Your Monday Briefing (The New York Times)

Narrow election results in Germany
The Germans voted for change: the SPD beat Angela Merkel’s Christian Democratic Union by 1.6 percentage points and a total of 25.7 percent of the vote.

The short-term outcome means the Social Democrats will have to work with other parties to form a government. Otherwise, the party could lead the country in second place. It will take weeks, if not months, to form a coalition that will bring Europe’s largest democracy to a stalemate at a crucial time in the continent’s recovery from the pandemic.

The results followed a shaky campaign. The favorite is Armin Lasket of the Christian Democrats, while his party leadership made a few mistakes. The tough personality of Olaf Scholz led the Social Democrats to an impressive comeback from 10 points. And the Greens, which led the polls briefly, did not live up to expectations, but recorded their best result.

Next steps: A possible coalition includes Social Democrats, Free Market Liberals, Free Democrats, and Greens. Hundreds of thousands of demonstrators gathered in more than 400 German cities in the days leading up to the election and called on the winner to put climate protection at the top of the agenda.

Worthy of quote: At SPD headquarters, Scholz addresses the crowd: “People tick the box for the SPD because they want a change of government in this country and because they want the next Chancellor to be Olaf Scholz.”

Legacy: After Merkel stepped down as Chancellor after 16 years, she left a very different Germany. Our journalists have traveled to several cities and seen changes in climate policy, religious tolerance and diversity.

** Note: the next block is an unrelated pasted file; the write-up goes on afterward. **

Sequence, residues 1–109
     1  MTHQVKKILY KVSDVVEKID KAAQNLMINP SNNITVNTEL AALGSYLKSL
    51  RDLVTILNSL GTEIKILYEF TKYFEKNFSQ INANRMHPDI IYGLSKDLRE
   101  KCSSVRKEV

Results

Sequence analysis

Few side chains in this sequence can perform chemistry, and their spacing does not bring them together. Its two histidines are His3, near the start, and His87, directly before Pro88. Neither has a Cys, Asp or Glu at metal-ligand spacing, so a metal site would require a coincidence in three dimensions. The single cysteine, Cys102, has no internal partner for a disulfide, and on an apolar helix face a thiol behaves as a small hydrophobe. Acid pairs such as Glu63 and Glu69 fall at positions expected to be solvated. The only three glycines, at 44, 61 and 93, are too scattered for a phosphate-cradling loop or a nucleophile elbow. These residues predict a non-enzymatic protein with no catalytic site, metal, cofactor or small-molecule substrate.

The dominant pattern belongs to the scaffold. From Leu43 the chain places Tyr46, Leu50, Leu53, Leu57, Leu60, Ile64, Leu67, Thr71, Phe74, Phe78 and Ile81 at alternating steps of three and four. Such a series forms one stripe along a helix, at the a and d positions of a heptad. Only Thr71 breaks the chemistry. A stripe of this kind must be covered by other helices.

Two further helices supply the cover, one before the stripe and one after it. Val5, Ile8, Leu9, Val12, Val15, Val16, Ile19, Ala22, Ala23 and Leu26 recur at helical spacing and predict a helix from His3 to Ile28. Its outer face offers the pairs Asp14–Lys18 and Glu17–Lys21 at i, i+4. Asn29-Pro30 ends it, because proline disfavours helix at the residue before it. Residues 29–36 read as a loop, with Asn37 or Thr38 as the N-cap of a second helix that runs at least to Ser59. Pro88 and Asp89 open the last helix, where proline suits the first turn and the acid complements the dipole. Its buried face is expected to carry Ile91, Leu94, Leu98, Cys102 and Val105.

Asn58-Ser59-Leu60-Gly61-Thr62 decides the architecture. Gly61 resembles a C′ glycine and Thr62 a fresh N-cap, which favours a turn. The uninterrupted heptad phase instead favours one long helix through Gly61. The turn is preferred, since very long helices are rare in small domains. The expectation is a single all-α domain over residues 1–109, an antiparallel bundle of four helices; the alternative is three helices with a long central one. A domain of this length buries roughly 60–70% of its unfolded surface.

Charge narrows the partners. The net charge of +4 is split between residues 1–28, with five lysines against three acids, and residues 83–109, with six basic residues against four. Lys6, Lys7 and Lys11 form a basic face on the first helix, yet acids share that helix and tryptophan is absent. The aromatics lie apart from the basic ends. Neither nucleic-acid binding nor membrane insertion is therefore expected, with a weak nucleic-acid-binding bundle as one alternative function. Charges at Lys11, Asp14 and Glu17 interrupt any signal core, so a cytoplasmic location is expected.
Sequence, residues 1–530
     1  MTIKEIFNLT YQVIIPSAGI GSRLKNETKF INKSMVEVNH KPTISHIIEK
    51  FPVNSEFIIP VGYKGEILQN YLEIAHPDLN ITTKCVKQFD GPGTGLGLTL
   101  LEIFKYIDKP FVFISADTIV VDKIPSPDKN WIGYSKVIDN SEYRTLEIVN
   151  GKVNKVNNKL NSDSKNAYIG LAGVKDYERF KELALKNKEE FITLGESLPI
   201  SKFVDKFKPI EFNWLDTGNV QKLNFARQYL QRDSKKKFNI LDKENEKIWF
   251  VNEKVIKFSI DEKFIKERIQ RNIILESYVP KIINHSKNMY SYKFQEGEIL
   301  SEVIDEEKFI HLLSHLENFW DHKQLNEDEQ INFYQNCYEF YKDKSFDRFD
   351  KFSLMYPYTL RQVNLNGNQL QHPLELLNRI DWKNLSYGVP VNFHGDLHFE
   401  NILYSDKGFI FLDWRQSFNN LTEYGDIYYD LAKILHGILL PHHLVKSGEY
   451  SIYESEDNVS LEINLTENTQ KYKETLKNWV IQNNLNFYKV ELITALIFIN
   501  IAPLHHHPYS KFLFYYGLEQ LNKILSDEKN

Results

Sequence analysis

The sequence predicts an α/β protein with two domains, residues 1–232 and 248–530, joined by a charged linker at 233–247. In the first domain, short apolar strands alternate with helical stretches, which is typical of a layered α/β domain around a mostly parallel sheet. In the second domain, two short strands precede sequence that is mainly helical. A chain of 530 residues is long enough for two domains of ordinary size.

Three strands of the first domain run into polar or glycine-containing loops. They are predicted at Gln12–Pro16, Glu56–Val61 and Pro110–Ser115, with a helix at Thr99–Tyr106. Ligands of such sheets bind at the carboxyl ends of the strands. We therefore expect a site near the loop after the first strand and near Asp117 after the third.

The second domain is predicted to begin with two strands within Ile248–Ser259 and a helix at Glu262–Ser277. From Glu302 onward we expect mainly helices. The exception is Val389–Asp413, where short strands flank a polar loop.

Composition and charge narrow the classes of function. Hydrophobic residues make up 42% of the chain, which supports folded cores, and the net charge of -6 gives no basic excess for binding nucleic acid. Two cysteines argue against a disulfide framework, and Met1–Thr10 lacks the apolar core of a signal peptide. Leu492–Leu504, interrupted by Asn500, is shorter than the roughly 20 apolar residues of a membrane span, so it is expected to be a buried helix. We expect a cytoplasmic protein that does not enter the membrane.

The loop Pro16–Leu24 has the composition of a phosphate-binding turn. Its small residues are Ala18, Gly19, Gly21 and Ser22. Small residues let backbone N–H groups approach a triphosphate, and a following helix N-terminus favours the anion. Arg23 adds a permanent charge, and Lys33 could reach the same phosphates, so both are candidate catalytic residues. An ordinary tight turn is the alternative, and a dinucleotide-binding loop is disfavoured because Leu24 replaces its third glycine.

According to Merkel: Merkel was not only the Federal Chancellor for more than a decade, but the de facto leader of Europe. Can French President Emmanuel Macron fill his position at the head of the European Union? Despite the void that remains, the macro era is unlikely to be born.

UK offers 5,000 visas for foreign truck drivers
British Prime Minister Boris Johnson announced late Saturday that it would reverse course and offer foreign truck drivers 5,000 three-month visas at the start of Christmas to address a driver shortage that has left some supermarket shelves empty. have given up and have a long line to speed up. Train station. Visas for 5,500 poultry workers will also be issued during the same period.

The decision reflects growing government concerns about ongoing supply disruptions. Britain emerged from an 18-month hibernation imposed by the pandemic only to discover a similar disease in the country in the 1970s. The risk for Johnson is acute.

Since Britain completed the final phase of Brexit in January, employers have not been able to freely hire European workers and the coronavirus pandemic has exacerbated a crisis stemming from a long-term shortage of British truck drivers. Johnson will today consider plans to deploy hundreds of troops to order a reserve tanker fleet.

Johnson Rivalry: Critics say Labor leader Keir Starmer, competent but without charisma, has not given British voters a clear reason to support the biggest opposition party.

Here’s the latest update on the virus and pandemic map.

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